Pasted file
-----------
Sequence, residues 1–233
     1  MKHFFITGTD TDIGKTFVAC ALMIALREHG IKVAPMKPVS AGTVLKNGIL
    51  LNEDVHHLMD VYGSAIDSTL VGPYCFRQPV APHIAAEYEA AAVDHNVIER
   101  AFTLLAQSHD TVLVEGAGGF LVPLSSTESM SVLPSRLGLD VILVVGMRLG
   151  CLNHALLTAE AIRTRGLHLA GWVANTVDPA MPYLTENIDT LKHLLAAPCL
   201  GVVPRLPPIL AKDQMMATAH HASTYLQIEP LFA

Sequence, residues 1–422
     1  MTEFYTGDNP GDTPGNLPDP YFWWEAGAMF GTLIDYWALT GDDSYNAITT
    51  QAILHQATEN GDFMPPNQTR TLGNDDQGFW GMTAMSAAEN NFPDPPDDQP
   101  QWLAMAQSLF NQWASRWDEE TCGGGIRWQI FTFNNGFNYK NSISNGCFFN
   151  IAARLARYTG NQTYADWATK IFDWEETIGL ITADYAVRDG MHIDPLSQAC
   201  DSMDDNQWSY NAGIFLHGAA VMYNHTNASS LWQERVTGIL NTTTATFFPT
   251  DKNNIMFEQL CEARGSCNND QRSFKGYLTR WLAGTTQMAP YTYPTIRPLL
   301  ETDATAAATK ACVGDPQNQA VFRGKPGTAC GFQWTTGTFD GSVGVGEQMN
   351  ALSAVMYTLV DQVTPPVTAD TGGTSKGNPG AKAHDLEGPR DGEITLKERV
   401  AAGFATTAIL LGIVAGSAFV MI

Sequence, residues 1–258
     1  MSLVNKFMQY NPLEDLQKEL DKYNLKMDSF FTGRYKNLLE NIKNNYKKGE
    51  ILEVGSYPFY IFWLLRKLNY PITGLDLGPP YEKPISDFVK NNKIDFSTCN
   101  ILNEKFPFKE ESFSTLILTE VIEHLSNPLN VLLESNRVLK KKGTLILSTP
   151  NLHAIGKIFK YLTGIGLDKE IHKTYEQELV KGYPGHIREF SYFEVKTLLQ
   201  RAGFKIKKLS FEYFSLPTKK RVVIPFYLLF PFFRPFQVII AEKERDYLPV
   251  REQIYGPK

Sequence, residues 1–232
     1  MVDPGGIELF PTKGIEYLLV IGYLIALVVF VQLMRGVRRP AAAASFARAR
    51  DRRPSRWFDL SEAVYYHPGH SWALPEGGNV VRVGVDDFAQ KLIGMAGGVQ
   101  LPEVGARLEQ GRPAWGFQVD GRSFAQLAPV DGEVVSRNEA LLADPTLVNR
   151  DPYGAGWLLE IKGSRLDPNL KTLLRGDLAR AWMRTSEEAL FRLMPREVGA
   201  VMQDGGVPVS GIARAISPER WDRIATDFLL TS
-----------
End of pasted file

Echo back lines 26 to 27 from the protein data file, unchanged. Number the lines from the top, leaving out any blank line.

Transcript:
    51  DRRPSRWFDL SEAVYYHPGH SWALPEGGNV VRVGVDDFAQ KLIGMAGGVQ
   101  LPEVGARLEQ GRPAWGFQVD GRSFAQLAPV DGEVVSRNEA LLADPTLVNR